Capitol riot defendant Rodney Milstreed

Government exhibit

A man who attacked a news photographer and attacked police officers guarding the U.S. Capitol on Jan. 6, 2021, was sentenced Friday to five years in prison.

Rodney Milstreed, 56, of Finksburg, Maryland, “prepared himself for battle” on Jan. 6 by injecting steroids and arming himself with a four-foot wooden club disguised as a flagpole, prosecutors wrote in a court filing.

“He began taking steroids in the weeks leading up to January 6, so that he would be ‘jacked’ and ready because, he said, someone needed to ‘hang for treason’ and the battle might come down to hand-to-hand combat,” prosecutors said.

A lawyer for the government showed U.S. District Judge James Boasberg videos of Milstreed’s attacks outside the Capitol. Milstreed told the judge that it was painful to watch his violent acts and hear his combative language that day.

“I know what I did that day was very wrong,” he said.

The judge said he believes Milstreed is remorseful.

“On the other side of the ledger, it’s very serious conduct,” Boasberg added.

Capitol Police Officer Devan Gowdy suffered a concussion when Milstreed hurled his wooded club at a line of officers. The statement of facts says that Milstreed threw the flagpole “javelin-style” at U.S. Capitol police officers.

“January 6th is a day that will be burned into my brain and my nightmares for the rest of my life,” Gowdy told the judge. “The effects of this domestic terrorist attack will never leave me.”

Gowdy told Milstreed that he “will always be looked at as a domestic terrorist and traitor” for his actions on Jan. 6.

“That brings me some peace,” added Gowdy, who has since left the police department.

Prosecutors recommended a prison sentence of six years and six months for Milstreed, a machinist who has worked at oil and gas facilities.

In a letter addressed to the judge before sentencing, Milstreed said he understands the “wrongfulness” of his actions on Jan. 6 and has learned from his “mistakes.”

“I realize if one has concerns or grievances with the government, there are peaceful and appropriate ways to express them,” he wrote.

Milstreed was arrested in May 2022 in Colorado, where he had been working. He pleaded guilty in April to assault charges and possessing an unregistered firearm.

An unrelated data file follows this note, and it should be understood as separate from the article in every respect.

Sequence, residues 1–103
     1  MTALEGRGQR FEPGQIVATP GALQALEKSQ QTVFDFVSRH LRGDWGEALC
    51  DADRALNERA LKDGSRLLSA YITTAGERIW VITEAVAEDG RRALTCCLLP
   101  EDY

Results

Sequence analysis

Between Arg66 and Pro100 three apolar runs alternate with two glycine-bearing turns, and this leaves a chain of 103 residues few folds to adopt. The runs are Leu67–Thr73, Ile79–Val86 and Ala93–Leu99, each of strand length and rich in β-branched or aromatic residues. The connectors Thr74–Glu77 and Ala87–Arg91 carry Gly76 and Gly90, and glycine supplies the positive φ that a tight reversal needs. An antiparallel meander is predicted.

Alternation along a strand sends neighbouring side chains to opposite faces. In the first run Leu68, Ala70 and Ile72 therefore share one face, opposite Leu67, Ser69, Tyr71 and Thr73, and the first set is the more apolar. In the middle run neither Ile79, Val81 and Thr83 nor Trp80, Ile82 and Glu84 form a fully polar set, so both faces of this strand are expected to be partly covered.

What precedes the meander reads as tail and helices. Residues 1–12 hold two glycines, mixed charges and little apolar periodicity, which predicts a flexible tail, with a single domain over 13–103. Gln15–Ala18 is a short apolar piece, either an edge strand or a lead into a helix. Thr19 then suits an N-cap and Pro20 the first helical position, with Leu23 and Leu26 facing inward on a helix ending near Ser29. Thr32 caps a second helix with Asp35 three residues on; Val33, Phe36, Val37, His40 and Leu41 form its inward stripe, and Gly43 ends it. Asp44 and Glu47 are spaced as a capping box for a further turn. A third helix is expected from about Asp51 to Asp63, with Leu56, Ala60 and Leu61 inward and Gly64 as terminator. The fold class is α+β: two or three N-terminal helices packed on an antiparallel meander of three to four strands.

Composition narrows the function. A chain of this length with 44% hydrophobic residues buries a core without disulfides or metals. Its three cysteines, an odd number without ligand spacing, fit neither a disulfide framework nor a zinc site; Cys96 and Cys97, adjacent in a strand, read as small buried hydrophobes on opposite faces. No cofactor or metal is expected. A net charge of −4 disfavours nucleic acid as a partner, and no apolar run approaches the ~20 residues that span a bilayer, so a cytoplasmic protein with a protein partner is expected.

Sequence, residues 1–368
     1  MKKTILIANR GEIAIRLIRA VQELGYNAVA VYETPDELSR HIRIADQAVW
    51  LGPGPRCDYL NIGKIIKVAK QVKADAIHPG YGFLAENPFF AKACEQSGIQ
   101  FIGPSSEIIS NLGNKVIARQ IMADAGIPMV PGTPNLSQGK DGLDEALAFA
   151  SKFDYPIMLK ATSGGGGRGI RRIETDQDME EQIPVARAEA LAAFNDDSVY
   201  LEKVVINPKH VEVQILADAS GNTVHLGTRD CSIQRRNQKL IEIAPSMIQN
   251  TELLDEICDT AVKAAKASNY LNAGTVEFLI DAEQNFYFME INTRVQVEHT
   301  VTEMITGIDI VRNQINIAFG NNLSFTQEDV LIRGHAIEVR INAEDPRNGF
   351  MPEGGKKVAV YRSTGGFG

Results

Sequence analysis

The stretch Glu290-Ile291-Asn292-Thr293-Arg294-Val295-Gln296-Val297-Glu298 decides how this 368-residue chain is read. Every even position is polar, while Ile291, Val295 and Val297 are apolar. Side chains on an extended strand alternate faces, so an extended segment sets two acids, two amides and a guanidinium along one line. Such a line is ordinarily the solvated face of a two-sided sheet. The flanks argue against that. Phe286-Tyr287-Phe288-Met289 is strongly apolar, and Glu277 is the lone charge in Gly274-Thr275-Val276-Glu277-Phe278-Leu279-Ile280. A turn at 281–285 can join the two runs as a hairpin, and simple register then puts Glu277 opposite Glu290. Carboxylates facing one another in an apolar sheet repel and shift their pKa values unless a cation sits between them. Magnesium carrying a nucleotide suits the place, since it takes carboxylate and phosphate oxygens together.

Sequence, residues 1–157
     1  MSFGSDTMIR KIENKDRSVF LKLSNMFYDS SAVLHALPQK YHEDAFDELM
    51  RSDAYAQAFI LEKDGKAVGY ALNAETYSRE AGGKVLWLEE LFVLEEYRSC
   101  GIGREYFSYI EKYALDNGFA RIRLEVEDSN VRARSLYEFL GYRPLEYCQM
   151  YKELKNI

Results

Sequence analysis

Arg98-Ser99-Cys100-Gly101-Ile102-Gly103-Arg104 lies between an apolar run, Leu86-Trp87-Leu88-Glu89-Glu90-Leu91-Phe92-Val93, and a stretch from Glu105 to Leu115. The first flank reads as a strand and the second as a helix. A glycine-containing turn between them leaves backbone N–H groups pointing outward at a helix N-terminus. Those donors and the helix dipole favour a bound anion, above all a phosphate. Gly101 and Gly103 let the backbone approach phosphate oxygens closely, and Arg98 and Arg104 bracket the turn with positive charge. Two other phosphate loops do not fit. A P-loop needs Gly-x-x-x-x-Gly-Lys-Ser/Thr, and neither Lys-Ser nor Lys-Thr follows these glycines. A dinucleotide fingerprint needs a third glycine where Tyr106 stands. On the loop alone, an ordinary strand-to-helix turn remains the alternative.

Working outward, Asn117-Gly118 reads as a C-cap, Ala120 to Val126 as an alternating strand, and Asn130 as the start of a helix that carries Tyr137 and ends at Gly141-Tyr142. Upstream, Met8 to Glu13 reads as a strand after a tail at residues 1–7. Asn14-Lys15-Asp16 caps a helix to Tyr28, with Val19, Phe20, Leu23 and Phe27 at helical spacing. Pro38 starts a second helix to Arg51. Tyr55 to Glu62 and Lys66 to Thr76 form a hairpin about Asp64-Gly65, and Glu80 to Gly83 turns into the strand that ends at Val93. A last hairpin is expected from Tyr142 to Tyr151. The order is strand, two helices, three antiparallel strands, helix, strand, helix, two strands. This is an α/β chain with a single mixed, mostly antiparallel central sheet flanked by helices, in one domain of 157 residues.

A cache of weapons and ammunition found at Milstreed’s Maryland home included an unregistered AR-15 rifle. In his Colorado hotel room, investigators found 94 vials of what appeared to be illegal steroids.

Photo of weapons from Jan. 6 defendant Rodney Milstreed’s Facebook records.

Government exhibit

Angry about the 2020 presidential election results, Milstreed spewed violent, threatening rhetoric on social media in the weeks leading up to the Jan. 6 attack. In late December, he emailed a Maryland chapter of the Proud Boys to inquire about joining the far-right extremist group.

On the morning of Jan. 6, he took a train into Washington then attended then-President Donald Trump ‘s “Stop the Steal” rally near the White House and then followed the crowd of Trump supporters to the Capitol.

Milstreed was “front and center” as rioters and police fought for control of the Capitol’s West Plaza, prosecutors said. He tossed his wooden club at a police line and struck the helmet of an officer who later was treated for a concussion.

A video captured Milstreed retrieving a smoke grenade from the crowd of rioters and throwing it back at police across a barricade.

Milstreed also allegedly attacked an Associated Press news photographer, grabbing his backpack and pulling him “backwards down the stairs” of the Capitol. Milstreed, according to the statement of facts, “then shoved the [photographer] and advanced towards him in a threatening fashion.”

Milstreed used Facebook to update his friends on the riot in real time.

“Man I’ve never seen anything like this. I feel so alive.” he wrote to one friend, sharing photos of blood on a floor outside the Capitol. 

He wrote to another friend, “We f***** them federal cops up. They all ran when we got physical.” He added, “Time for war.”

He told another Facebook friend that it “felt good” to punch the photographer, whose assault was captured on video by another AP photographer.

Other rioters have been charged with attacking the same photographer. One of them — Alan Byerly, 55, of Pennsylvania — was sentenced last October to two years and 10 months in prison.

More than 1,100 people have been charged with Jan. 6-related federal crimes. Over 650 of them have been sentenced, with roughly two-thirds of them getting a term of imprisonment ranging from three days to 22 years.

More than 100 police officers were injured during the riot.


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